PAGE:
The RCMP are recommending that six new first-degree murder charges be filed
against convicted serial killer Robert Pickton.
"We're in the process of sending a report to Crown counsel for their
consideration. We're recommending six more charges related to Robert Pickton and
the Port Coquitlam property," RCMP spokeswoman Cpl. Annie Linteau told The
Linteau noted that all six women appear on the police task force's official list
of 63 missing women. Pickton, now 60, was not charged in connection with the
death of these six, who went missing between January 1997 and March 2001.
Linteau listed the women as: Yvonne Boen, born on Nov. 30, 1967, who was last
seen March 2001; Dawn Crey, whose birthday was Oct. 26, 1958, and was last seen
in November 2000; Sharon Abraham, whose date of birth was Sept. 15, 1965, and
went missing in December 2000; Stephanie Lane, born on May 28, 1976, who went
missing Jan. 10, 1997; and Jacqueline Murdock, born Jan. 28, 1971, and was last
seen in August 1997.
Those five women, all of whom were mothers, went missing from Vancouver's
drug-infested Downtown Eastside The sixth woman, Nancy Clark, who was born July
29, 1966, was last seen Aug. 22, 1991, in Victoria.
The news that the RCMP will finally recommend charges was cathartic to some of
the women's family members.
Yvonne Boen's son, Troy Boen, 23, exploded in anger and relief when told of the
"About f---ing time, but why did it take them so long?" demanded Troy, who was
the last member of his family to see his mother alive.
"My mum deserves her day in court . . . I'm glad the RCMP are finally saying
Pickton should be charged with my mum's death." Troy, the eldest of Boen's three
sons, attended many gruelling days of Pickton's long trial in B.C. Supreme
In December 2007, Pickton was convicted of counts of second-degree murder in the
deaths of Marnie Frey, Georgina Papin, Sereena Abotsway, Brenda Wolfe and Mona
Wilson. He was sentenced to life without the possibility of parole for 25 years.
Troy Boen was also present when three B.C. Appeal Court judge's upheld Pickton's
conviction last June 25 in a 2-1 split decision that also gave Pickton the
automatic right to appeal the ruling to the Supreme Court of Canada.
That appeal is expected to be heard this spring. If the appeal is dismissed,
B.C.'s Criminal Justice Branch has made it clear that it will not proceed with
an additional 20 murder charges, which were severed in August 2006 from the
Linteau said that the RCMP is recommending another six new charges be laid now
"out of an abundance of caution." "We are carrying on with the assumption there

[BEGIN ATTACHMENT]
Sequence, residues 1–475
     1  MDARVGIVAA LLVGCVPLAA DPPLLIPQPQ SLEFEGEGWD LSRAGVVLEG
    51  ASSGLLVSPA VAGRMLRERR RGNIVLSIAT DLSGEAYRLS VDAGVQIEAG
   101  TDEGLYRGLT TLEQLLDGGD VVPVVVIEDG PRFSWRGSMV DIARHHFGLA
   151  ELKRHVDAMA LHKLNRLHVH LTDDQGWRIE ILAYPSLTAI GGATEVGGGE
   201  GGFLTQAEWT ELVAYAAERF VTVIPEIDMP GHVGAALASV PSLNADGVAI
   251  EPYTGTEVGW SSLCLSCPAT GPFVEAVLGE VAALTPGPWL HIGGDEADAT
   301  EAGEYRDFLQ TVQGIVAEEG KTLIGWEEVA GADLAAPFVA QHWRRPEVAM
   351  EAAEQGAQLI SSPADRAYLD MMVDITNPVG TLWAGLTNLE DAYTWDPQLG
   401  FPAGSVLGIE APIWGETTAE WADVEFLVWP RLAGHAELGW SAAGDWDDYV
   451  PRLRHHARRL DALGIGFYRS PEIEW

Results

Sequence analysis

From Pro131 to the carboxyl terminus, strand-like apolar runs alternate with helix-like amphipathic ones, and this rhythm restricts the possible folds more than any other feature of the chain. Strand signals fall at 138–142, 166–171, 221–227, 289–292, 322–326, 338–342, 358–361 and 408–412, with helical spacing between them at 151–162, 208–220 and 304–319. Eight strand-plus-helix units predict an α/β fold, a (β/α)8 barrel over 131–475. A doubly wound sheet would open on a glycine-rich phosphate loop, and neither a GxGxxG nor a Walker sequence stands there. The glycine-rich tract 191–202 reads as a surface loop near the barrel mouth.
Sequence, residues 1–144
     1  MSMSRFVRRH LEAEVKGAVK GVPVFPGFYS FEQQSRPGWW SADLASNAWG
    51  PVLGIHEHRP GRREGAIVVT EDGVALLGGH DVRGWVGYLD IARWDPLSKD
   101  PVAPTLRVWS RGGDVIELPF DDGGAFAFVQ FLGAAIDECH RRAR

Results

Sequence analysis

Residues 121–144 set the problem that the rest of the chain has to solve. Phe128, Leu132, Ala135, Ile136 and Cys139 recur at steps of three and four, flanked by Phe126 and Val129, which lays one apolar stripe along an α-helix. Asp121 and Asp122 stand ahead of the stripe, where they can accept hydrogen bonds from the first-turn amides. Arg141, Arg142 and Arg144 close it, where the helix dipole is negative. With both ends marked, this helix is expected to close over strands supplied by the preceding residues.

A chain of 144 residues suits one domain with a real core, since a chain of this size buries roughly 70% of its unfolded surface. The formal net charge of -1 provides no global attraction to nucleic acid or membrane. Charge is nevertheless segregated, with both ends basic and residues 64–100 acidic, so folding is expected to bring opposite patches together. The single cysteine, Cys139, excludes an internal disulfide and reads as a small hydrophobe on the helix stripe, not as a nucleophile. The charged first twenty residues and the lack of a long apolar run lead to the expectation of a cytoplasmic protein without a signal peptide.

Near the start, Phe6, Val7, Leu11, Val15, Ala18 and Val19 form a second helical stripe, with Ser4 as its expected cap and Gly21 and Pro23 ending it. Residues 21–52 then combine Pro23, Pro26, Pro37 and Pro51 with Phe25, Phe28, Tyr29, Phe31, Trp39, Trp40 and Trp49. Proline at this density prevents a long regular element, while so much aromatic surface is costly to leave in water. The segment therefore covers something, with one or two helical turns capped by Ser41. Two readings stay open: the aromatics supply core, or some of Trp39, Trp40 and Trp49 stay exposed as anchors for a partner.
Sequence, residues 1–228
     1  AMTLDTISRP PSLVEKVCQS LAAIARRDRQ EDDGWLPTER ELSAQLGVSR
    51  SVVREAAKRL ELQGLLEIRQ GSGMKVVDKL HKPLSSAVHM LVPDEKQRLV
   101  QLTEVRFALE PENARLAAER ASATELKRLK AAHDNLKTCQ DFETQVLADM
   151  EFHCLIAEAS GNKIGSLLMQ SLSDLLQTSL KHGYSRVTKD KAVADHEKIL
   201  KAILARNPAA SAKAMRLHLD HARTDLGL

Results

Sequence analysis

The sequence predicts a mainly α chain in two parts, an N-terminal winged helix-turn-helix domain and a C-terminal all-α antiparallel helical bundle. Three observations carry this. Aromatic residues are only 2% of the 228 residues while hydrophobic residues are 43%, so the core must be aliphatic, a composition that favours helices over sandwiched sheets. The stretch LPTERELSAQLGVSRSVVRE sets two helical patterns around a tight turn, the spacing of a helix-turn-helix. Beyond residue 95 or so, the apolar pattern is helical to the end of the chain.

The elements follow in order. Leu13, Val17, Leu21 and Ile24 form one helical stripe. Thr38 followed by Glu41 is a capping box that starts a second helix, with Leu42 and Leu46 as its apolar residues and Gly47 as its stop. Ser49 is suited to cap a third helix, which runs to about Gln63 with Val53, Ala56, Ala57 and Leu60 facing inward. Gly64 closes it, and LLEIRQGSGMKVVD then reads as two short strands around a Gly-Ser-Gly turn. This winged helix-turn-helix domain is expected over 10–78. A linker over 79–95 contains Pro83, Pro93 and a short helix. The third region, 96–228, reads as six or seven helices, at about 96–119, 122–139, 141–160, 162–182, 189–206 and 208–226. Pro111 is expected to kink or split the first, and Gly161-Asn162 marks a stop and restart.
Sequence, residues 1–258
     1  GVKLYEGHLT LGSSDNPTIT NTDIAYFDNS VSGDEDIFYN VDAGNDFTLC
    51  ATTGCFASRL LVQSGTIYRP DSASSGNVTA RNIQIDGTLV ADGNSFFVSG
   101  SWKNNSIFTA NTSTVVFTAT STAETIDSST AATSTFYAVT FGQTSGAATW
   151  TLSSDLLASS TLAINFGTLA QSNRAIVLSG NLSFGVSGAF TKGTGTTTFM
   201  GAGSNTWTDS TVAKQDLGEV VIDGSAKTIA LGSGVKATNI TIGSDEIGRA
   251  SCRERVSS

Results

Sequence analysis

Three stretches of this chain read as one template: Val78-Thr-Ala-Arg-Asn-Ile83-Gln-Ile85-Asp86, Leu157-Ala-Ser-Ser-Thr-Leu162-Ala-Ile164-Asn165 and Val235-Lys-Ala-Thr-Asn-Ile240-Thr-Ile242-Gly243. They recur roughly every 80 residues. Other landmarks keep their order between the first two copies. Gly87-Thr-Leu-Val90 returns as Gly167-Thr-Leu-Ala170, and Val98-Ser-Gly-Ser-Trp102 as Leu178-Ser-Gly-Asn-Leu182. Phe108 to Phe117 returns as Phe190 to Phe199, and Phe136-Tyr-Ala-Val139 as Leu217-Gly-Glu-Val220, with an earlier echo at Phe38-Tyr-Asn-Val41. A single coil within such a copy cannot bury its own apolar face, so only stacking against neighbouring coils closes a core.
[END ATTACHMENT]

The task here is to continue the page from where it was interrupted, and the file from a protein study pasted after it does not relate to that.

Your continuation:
could be further judicial proceedings and we are putting everything that could
be done back on the table, rather than being unprepared if further trials are
required." Should Pickton's appeal be upheld by Canada's top court, prosecutors
would move quickly to ask for a new trial on all 32 murder charges.
Linteau said families of all six women have been told in the past that their
loved one's DNA was "tied to the Pickton farm," but they won't be officially
notified yet of possible charges "because it is up to the Crown to decide
whether to proceed." A massive RCMP-Vancouver Police Department task force began
searching the ramshackle Pickton pig farm in Port Coquitlam in February 2002.
On Feb. 22, 2002, Pickton was charged with the first two murders of what would
become a lengthy list of 26 homicides.
The vehicle-strewn farm, full of human and animal burial sites, was examined by
experts down to bedrock, and Pickton soon gained the notorious reputation of
being Canada's worst accused serial killer.
Debra Benning was a longtime friend of Boen who believes Pickton should be "held
accountable" for Yvonne's death.
"In my heart, I know she's gone, but I think everyone should know if Pickton was
responsible," said Benning.
Ernie Crey, a Sto:lo Nation leader, has fought tirelessly for justice for his
troubled sister Dawn, whose DNA was confirmed on the Pickton farm in 2004 but
whose name was left off the list of those who Pickton would be charged with
"There's never emotional, psychological or spiritual closure for any of the
family members of the missing women, we're always left with the history and the
loss of our loved ones, but I am still seeking legal closure," said Crey.
Jacqueline Murdock, a Carrier First Nation mother of four, is still mourned by
her large family, said her aunt Elizabeth Murdock, 68, in an interview from Fort
"It's good if they charge that man finally with Jackie's death. We all want
E-mail reporter Suzanne Fournier at firstname.lastname@example.org
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